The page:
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Additionally, the sound obtained from the headphones is very poor, for this reason the software has difficulty identifying the different sounds produced by the ticking of the clock. It is worth trying to have a better sound coming to the software.
 

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Yes, you are seeing the effect of the escape wheel. A longer term plot would show oscillations due to the 4th wheel, 3rd wheel, etc.

Tg's algorithm, as I understand it, is:
  1. Audio is passed through a high pass filter. In my newer version I extended this to an arbitrary chain of biquad filters with an interactive way to set them up.
  2. There is a noise suppressor that removes sounds much louder than the median. I don't think it really does all that much and plan to make an option to turn it off.
  3. The audio is rectified: absolute value taken and then passed through a low pass filter. Then DC offset is removed.
  4. The auto-correlation is computed. But not just of one beat of audio. It uses a 16 second period (actually the signal dots show the period length 2^dots seconds, max 16).
  5. The peak auto-correlation is used to estimate the period. Period means two beats, not just one, so this should be the 2nd peak in the auto-correlation. The first, smaller, peak should be at one beat.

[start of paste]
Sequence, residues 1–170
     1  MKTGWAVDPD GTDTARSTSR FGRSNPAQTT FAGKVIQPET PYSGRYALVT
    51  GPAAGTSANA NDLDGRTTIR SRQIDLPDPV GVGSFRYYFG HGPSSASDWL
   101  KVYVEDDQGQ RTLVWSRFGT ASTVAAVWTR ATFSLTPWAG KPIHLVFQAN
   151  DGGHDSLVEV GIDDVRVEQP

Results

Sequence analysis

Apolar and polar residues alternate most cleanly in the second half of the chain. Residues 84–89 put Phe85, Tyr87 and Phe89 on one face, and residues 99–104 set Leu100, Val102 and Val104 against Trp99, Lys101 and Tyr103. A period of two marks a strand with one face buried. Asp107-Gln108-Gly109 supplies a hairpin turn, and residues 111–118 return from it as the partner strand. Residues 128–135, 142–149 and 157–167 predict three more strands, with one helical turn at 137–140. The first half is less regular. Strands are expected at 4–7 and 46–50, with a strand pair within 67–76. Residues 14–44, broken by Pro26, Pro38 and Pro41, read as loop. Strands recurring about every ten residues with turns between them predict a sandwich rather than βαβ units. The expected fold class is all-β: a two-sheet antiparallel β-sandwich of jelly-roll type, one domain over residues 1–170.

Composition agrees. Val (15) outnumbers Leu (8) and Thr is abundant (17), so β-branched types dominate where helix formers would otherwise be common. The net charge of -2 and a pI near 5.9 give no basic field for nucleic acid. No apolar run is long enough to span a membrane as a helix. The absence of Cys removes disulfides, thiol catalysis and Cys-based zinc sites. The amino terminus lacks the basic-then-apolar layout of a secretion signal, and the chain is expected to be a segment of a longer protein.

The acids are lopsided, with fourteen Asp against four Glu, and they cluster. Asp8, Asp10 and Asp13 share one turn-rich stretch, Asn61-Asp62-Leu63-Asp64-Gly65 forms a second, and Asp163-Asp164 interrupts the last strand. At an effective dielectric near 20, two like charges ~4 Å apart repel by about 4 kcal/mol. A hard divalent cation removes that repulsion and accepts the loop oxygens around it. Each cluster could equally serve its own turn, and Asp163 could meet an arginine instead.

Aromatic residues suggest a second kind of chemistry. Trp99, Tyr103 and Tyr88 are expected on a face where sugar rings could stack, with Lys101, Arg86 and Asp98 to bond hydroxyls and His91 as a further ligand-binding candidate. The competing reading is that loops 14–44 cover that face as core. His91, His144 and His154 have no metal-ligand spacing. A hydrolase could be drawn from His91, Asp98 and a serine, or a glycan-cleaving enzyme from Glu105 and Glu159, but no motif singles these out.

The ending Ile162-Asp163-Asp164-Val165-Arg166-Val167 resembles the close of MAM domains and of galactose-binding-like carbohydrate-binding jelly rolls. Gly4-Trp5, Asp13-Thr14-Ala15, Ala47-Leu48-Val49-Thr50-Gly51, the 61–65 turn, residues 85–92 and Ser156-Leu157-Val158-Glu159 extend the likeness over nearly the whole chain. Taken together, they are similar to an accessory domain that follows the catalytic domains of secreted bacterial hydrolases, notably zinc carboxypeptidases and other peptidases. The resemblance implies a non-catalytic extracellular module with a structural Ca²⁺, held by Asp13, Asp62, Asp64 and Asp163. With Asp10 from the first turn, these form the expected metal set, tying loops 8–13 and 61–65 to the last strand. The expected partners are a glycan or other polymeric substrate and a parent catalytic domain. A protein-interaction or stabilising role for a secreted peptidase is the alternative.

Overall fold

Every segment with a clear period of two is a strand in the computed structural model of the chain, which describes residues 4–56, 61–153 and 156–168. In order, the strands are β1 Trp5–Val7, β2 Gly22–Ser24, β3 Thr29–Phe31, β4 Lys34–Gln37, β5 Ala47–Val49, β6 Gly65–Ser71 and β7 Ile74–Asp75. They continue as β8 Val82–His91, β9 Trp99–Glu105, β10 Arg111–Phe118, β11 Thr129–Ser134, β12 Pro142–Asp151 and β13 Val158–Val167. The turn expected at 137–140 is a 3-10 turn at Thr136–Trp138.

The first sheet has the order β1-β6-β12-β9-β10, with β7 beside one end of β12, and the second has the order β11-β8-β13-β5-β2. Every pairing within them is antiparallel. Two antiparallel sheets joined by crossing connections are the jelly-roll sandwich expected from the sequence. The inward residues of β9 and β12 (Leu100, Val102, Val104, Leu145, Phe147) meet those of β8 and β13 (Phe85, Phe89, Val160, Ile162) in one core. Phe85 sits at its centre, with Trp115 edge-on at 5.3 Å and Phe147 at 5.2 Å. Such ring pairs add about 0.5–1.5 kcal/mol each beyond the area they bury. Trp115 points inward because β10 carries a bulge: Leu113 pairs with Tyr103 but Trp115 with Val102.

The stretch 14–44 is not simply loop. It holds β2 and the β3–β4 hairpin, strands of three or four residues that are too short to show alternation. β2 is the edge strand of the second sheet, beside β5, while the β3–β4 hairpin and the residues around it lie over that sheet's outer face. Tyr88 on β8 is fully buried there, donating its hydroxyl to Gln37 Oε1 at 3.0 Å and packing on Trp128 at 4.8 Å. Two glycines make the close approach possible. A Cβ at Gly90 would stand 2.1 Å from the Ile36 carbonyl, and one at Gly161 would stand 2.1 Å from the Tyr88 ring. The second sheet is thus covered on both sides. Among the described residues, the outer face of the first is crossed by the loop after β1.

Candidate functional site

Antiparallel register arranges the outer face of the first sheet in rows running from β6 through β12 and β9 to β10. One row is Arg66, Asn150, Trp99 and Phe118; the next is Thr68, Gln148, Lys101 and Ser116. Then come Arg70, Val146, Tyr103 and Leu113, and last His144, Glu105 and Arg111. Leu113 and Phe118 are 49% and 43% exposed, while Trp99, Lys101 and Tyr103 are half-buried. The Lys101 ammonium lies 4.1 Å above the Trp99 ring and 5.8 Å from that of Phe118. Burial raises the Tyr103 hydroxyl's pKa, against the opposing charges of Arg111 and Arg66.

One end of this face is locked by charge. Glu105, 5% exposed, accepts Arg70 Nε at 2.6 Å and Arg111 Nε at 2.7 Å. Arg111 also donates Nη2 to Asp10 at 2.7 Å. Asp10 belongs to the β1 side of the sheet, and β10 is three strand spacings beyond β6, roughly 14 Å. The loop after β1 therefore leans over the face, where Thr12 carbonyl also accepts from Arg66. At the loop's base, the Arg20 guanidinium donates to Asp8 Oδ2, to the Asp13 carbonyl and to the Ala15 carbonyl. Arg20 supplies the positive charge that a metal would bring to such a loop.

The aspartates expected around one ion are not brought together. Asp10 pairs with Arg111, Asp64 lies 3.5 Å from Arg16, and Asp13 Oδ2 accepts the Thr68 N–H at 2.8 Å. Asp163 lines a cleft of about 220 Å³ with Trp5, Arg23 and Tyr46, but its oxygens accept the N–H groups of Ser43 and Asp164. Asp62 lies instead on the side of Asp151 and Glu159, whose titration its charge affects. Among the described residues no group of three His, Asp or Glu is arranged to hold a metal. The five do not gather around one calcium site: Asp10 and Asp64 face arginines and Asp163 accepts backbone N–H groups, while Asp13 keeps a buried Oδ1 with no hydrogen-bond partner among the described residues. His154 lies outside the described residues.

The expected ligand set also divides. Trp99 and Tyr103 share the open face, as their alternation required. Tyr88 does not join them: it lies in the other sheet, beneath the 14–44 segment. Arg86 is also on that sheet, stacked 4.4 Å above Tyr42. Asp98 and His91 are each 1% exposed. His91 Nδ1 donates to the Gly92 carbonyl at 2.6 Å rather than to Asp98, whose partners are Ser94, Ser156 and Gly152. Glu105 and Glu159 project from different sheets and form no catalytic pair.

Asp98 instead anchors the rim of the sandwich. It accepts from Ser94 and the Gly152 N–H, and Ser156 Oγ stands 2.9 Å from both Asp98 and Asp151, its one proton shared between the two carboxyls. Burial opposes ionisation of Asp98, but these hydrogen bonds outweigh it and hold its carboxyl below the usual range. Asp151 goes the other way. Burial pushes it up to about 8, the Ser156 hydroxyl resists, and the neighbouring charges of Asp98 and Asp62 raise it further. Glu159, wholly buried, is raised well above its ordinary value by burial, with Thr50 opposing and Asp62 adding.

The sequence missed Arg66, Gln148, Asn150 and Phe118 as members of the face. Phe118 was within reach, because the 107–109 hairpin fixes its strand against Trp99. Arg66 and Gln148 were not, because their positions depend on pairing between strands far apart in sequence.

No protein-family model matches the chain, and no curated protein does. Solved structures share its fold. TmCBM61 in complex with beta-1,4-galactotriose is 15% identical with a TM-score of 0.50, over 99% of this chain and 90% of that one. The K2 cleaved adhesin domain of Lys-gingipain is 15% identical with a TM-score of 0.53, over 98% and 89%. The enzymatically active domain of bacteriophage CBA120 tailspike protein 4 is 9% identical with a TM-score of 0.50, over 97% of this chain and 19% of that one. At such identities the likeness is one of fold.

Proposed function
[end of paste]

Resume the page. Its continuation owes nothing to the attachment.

6. That estimate is used to look for the peaks near two periods, three periods, etc. Until a peak at the expected place isn't found or we get past ⅔ of the 16 second buffer. The peak after 15 periods should be higher that the others if the escape wheel as 15 teeth, because the sounds generated by the same escapement teeth are being compared. I wonder if that can be used to find the number of teeth? Or if the estimate from the number of periods equal to the teeth is more accurate? Instead of timing how long each back and forth of the balance takes, we are timing how long each revolution of the escape wheel takes, by comparing the entire 5 second sound of the escape wheel's revolution, made up of 30 slightly different ticks.
  7. The final period estimate is the mean of the one period peak auto-correlation, two period peak, and so on. The standard deviation of these measurements is also found.
This period estimate is used as the s/d value. So this doesn't use the time of the loudest sound of each beat, to find the time between each beat, and then average ~10 seconds worth of those. It takes the entire ~10 second sound of the escape wheel making about two full revolutions and tries to find the best period to shift it by to optimally align it with itself. Of course, it's more important to align the loud parts than the quiet parts, so it does to some extent mean this is using the locking sound.